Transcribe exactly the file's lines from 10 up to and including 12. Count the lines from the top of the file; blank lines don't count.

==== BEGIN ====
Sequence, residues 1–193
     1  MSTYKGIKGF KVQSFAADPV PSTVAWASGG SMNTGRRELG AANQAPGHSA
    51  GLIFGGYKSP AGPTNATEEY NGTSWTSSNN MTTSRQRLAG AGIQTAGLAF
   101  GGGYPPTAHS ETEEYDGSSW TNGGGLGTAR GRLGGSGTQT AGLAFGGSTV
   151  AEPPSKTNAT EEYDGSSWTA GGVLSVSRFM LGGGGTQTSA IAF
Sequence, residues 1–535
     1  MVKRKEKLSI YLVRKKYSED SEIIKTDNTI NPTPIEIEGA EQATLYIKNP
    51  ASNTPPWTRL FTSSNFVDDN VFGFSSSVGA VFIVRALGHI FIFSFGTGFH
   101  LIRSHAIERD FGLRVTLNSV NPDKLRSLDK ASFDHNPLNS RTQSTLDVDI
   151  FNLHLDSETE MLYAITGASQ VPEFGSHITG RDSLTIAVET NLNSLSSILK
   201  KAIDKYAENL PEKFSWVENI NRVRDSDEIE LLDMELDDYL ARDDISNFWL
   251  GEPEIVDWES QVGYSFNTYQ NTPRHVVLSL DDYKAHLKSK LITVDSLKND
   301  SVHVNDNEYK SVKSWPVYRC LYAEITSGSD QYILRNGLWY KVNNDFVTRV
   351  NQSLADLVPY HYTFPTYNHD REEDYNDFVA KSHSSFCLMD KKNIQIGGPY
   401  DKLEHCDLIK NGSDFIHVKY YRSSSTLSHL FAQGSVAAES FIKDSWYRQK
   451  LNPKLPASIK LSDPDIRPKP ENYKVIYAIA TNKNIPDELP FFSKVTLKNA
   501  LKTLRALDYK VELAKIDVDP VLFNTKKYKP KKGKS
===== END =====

   151  FNLHLDSETE MLYAITGASQ VPEFGSHITG RDSLTIAVET NLNSLSSILK
   201  KAIDKYAENL PEKFSWVENI NRVRDSDEIE LLDMELDDYL ARDDISNFWL
   251  GEPEIVDWES QVGYSFNTYQ NTPRHVVLSL DDYKAHLKSK LITVDSLKND